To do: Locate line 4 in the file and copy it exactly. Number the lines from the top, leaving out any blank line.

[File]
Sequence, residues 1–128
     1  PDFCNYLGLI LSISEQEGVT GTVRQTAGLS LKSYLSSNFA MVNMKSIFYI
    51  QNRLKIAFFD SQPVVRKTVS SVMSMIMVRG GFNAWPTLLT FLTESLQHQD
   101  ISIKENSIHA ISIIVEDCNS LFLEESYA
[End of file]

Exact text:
   101  ISIKENSIHA ISIIVEDCNS LFLEESYA